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SOLE SURVIVOR: Metaphor of the Dead

Sole Survivor. 1983. Directed & Written by Thom Eberhardt.
Starring Anita Skinner, Kurt Johnson, Robin Davidson, Caren L. Larkey, Andrew Boyer, Daniel Bryan Cartwell, Wendy Dake, Stephen V. Isbell, & William Snare.
Grand National Pictures/Moviestore Entertainment
Rated R. 85 minutes.
Horror/Thriller

★★★1/2
Screen Shot 2017-09-19 at 11.56.14 PMBefore there was Final Destination, there was 1983’s Sole Survivor. Although the plots are different, the influence and homage is certainly there. But Thom Eberhardt’s Sole Survivor involves a woman named Denise Watson (Anita Skinner) who survives an aeroplane accident, the only survivor, after which she begins seeing the dead coming for her, everywhere.
This is an ’80s horror movie that, somehow, slipped by many. However, there are so many places where the influence of its themes and imagery exist, to this day, from the aforementioned Final Destination series to David Robert Mitchell’s It Follows and more.
Although Eberhardt’s film works just as a great undead horror story, it’s also works on a more broad scale.
At the centre of the story, Denise’s plight is symbolic of survivor’s guilt, in that many who’ve survived catastrophes, genocide, a mass shooting (et cetera) later feel guilty for having lived while others died. Here, this concept is symbolised by the imagery of the dead coming back to find Denise, and hopefully take her with them. Also a parallel to the inescapable fact of death, that it will come for us all, no matter the circumstances. Much like the creeping death in Romero’s zombies, these undead in Sole Survivor are the epitome of death’s inevitability.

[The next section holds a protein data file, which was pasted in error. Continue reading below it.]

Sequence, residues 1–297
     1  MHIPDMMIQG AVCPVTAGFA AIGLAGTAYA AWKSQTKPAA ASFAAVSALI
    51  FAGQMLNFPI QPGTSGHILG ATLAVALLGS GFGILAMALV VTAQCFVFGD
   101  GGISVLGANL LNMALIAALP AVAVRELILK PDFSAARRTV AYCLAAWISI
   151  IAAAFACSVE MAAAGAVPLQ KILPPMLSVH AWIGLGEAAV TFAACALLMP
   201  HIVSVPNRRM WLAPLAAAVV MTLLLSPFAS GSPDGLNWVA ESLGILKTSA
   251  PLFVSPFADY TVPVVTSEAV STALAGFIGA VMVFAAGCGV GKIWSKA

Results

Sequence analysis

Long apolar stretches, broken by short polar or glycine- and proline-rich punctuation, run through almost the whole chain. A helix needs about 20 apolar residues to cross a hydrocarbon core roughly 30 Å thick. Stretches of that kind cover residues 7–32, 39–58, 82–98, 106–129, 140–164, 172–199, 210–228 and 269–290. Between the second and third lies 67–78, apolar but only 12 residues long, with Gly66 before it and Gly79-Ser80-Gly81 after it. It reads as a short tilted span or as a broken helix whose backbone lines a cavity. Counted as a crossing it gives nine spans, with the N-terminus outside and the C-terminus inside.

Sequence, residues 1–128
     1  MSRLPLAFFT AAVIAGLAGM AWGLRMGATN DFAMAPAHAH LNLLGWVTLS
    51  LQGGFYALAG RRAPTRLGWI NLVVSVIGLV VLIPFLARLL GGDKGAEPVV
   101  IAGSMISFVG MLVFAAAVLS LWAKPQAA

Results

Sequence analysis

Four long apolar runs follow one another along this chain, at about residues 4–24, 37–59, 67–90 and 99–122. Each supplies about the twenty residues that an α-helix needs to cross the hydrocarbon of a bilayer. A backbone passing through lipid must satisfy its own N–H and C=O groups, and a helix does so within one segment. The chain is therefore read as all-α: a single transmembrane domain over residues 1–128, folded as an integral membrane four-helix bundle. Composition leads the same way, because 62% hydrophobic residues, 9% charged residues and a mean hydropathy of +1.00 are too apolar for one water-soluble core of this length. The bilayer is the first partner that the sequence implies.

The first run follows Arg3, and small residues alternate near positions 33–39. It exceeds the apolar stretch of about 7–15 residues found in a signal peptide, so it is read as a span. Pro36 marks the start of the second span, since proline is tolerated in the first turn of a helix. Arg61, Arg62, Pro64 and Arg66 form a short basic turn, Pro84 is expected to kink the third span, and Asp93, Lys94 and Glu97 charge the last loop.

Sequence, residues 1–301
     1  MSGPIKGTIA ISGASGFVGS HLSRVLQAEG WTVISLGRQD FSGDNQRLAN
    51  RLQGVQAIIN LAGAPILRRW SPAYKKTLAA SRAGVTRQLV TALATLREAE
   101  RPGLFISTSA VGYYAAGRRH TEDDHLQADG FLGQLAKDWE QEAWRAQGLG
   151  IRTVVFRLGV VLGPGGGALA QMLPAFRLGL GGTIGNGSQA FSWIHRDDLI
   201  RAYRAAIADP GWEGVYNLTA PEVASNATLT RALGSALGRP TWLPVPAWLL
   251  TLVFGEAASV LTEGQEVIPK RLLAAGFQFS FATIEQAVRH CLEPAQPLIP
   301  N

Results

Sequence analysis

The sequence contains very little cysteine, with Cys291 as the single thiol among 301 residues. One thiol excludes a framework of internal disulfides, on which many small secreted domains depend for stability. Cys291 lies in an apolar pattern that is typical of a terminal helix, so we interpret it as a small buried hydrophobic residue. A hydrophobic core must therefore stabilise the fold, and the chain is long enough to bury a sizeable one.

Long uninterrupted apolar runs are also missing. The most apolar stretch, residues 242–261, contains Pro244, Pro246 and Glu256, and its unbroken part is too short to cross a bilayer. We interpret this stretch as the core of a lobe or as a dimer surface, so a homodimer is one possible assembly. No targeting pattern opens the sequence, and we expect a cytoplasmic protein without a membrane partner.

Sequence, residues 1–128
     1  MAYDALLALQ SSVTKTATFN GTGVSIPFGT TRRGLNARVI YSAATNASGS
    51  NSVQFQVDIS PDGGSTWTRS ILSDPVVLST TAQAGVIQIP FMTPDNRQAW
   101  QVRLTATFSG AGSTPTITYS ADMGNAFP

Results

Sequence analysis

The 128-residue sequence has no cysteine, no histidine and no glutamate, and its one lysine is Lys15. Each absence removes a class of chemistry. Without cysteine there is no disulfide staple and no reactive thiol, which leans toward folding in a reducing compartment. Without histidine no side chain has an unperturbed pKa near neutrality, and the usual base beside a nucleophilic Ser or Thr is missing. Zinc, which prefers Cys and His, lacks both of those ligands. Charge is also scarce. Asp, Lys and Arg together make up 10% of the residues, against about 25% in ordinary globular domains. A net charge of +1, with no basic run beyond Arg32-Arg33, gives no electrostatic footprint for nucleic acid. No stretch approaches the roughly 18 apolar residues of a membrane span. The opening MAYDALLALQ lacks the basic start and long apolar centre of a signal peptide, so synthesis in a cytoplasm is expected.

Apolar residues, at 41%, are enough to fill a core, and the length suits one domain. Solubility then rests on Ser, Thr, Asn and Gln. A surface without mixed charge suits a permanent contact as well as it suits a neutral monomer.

SS1For Eberhardt’s directorial debut, before he did the fantastic Night of the Comet, this is a well executed piece of horror cinema. In a decade with an overabundance of horror it’s easy for a few films to slip through the cracks, in comparison to other bigger names of the era, during a time where Michael, Freddy, Jason were wreaking havoc to big box office numbers. What sets this apart from similar films involving the dead coming back to life is the atmosphere, from bleak images to a constant air of dread and suspense throughout.
The opener is a scene that, today, you’d expect would involve a much larger, more expensive, wild action set-piece. Instead, we’re given an effective start to the film that’s inventive rather than over the top. This is where the dread starts, with bloody carnage, an airy industrial drone, a scattered scream here or there, and a catatonic Denise in the midst of the madness.
Definitely a predecessor to Final Destination, only a hell of a lot more subtle. Terror creeps in slow, the build up burning and the eeriness always present yet just in the immediate background. It Follows has much of the same atmosphere, giving us an awesome homage in a scene where Maika Monroe firsts sees the titular ‘it’ on her college campus; absolutely influenced by one the earlier moments when Denise discovers the dead have come back for her, nobody else able to see it. Even further, how Denise discovers what’s going on through the cryptic warnings of a second party, just as Monroe’s character does, as well. This just goes to show that Sole Survivor has far more influence than its reputation might let on, ingrained in the collective film-going mind either consciously or unconsciously.